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Melanoma In-Situ- Should You Worry?

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“Stage 0 melanoma, or melanoma in situ, is highly curable. There is very little risk for recurrence or metastasis. The 5-year survival rate as of 2018 for local melanoma, including Stage 0, is 98.4%.”

Melanoma in-situ, technically speaking, is cancer. However, the issue is your risk of this skin growth causing health problems.  The risk of melanoma in situ metastasizing or becoming a serious melanoma diagnosis, is small.

“In situ – Latin for “in place,” this typically means good news since it refers to a cancerous but noninvasive tumor that has not penetrated beyond the epidermis into the dermis. But even skin cancers diagnosed in the early stages can be painful or cause scarring and may require multiple treatments. In situ skin cancers can also become invasive if not removed in a timely way.”

I am a long-term survivor of a blood cancer called multiple myeloma. My conventional MM therapies of an autologous stem cell transplant increased my already increased risk of skin cancer.

I have learned the hard way, that conventional therapies such as chemotherapy and radiation have strengths and weaknesses, pros and cons. Chemotherapy and radiation are highly toxic, aggressive cancer therapies. In the case of melanoma stage 0, I believe that the toxicity of chemo or radiation could cause many more problems that they solve.

Therefore, in the case of melanoma in-situ, the risk of metastasis, not to mention the risk of death, is so small that I believe the best therapies are evidence-based but non-toxic.

To put this “risk” into evidence-based terms with therapies, according to research, the two most effective therapies to reduce the risk of early cancer becoming serious melanoma that can cause problems is to:
  • Surgically remove the growth
  • Nutrition, supplementation and lifestyle therapies
Evidence-based but non-toxic, non-conventional therapies such:
  • Curcumin
  • Green Tea Extract
  • Vitamin D3
  • Resveratrol
  • Milk Thistle
  • Omega-3
  • etc.
  • Anti-angiogenic nutrition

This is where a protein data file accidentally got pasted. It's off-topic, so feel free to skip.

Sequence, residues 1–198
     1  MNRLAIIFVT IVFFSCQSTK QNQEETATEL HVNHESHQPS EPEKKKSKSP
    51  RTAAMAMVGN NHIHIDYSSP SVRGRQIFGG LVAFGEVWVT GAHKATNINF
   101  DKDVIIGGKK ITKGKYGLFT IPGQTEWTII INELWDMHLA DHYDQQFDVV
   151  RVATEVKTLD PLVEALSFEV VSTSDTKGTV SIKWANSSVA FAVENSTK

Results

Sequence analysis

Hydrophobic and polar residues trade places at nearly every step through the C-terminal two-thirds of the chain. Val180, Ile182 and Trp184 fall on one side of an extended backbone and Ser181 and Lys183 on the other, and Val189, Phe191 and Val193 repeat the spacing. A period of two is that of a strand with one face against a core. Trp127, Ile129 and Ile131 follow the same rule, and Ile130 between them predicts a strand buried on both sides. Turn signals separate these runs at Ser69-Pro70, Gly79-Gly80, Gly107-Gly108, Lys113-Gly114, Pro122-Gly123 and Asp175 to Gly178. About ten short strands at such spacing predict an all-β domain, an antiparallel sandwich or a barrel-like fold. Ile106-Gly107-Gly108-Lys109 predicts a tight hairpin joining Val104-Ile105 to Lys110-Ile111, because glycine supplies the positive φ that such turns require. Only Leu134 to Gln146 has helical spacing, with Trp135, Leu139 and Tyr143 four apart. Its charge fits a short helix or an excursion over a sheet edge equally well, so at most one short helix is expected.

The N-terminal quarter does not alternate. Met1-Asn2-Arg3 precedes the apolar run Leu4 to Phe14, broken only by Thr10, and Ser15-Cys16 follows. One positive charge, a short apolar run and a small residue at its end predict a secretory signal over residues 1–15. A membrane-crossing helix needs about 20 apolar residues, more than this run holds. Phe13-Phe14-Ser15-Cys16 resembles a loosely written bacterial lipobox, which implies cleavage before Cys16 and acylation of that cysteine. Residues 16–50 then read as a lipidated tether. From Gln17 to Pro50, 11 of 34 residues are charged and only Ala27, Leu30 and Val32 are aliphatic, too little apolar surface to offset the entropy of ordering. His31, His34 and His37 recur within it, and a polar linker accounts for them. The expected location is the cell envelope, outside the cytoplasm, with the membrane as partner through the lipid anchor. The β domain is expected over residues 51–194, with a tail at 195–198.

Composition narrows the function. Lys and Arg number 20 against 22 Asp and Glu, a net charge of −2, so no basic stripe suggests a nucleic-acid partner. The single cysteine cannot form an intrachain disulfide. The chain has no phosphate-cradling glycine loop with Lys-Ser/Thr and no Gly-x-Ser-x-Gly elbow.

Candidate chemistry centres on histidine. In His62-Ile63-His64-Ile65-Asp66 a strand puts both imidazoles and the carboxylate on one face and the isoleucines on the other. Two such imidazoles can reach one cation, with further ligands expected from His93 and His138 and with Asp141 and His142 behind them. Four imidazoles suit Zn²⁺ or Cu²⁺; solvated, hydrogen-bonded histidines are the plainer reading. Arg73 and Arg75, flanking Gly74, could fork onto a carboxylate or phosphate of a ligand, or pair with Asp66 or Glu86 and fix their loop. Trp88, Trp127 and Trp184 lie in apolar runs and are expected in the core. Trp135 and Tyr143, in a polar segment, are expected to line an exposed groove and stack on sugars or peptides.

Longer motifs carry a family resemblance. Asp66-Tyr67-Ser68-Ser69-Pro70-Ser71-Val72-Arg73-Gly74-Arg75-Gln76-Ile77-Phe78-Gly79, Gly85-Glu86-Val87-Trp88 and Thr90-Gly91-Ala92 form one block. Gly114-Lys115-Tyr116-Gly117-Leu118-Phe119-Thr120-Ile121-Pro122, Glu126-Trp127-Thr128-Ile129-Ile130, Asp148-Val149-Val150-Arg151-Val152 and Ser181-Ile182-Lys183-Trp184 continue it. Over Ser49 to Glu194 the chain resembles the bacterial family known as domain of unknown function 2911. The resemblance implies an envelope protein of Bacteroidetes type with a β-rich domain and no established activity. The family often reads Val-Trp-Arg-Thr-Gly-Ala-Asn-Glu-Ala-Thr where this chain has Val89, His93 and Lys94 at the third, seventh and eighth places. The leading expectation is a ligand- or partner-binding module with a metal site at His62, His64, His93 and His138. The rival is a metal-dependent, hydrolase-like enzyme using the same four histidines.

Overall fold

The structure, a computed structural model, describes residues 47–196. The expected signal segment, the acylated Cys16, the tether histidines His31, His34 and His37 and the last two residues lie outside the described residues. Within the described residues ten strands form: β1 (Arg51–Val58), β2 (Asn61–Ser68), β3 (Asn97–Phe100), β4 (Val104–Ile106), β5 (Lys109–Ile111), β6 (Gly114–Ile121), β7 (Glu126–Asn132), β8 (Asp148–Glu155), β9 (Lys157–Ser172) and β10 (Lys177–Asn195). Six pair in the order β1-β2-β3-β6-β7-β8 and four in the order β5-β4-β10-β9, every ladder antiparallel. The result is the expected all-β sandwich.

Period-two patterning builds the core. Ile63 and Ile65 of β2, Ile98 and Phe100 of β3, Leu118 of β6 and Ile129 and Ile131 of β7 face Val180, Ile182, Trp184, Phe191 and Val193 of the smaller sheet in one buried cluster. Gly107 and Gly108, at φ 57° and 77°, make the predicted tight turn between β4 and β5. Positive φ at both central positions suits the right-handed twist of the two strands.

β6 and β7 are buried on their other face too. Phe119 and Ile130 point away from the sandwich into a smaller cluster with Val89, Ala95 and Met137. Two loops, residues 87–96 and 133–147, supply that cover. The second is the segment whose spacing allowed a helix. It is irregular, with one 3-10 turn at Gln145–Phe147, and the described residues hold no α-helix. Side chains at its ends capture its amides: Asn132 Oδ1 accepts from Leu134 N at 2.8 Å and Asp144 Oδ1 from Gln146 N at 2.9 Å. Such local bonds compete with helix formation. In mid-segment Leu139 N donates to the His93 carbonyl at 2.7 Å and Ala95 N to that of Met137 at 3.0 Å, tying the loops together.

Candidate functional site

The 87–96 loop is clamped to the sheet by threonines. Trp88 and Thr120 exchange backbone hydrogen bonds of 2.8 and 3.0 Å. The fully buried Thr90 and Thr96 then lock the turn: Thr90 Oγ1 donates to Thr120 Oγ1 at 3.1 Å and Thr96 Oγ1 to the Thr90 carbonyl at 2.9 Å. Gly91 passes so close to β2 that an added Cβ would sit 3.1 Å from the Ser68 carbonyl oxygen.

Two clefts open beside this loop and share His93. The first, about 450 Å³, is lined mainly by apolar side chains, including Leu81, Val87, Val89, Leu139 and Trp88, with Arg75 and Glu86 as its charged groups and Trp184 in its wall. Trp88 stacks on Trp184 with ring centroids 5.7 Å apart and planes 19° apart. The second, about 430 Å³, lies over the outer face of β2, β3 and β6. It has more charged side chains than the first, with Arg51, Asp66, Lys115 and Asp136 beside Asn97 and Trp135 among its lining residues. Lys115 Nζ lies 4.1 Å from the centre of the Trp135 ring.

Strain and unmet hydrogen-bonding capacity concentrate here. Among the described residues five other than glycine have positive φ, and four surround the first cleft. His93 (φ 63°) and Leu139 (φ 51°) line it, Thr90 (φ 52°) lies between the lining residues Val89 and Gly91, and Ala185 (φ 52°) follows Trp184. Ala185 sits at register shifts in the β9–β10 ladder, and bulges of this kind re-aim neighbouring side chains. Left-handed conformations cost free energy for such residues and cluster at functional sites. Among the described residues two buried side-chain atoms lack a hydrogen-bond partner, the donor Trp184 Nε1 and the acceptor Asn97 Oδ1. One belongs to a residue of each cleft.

• Exercise

have been shown to reduce the already small risk of a melanoma diagnosis.

I have been researching and writing about melanoma for years now. Consider thinking outside of the conventional oncology box:


To summarize, if you have been diagnosed with melanoma stage 0 or in situ, no you don’t have to worry. Take your health more seriously, yes. Consume a nutrition-dense diet. Exercise moderately but frequently. And supplement with the nutritional supplements listed above.

If you have any questions or comments, scroll down the page and send me a post. I will reply to you ASAP. In the meantime, thanks for your time and attention.

David Emerson

  • Cancer Survivor
  • Cancer Coach
  • Director PeopleBeatingCancer

Stage 0 Melanoma

“When melanoma is Stage 0, sometimes referred to as ‘melanoma in situ,’ cancer cells have breached only the epidermis (the very outer layer of the skin). Stage 0 melanoma is contained completely in this layer and has not yet moved into the deeper layers of skin. It is considered local melanoma (this group also includes Stage I and Stage II melanoma)…

Treatment: Stage 0 melanoma is removed surgically, with minimal but clear margins. This is sometimes called an excision. Wide local excision, a minor surgery, usually cures local melanoma…

Prognosis: Stage 0 melanoma, or melanoma in situ, is highly curable. There is very little risk for recurrence or metastasis. The 5-year survival rate as of 2018 for local melanoma, including Stage 0, is 98.4%. Click here to learn more about melanoma survival rates.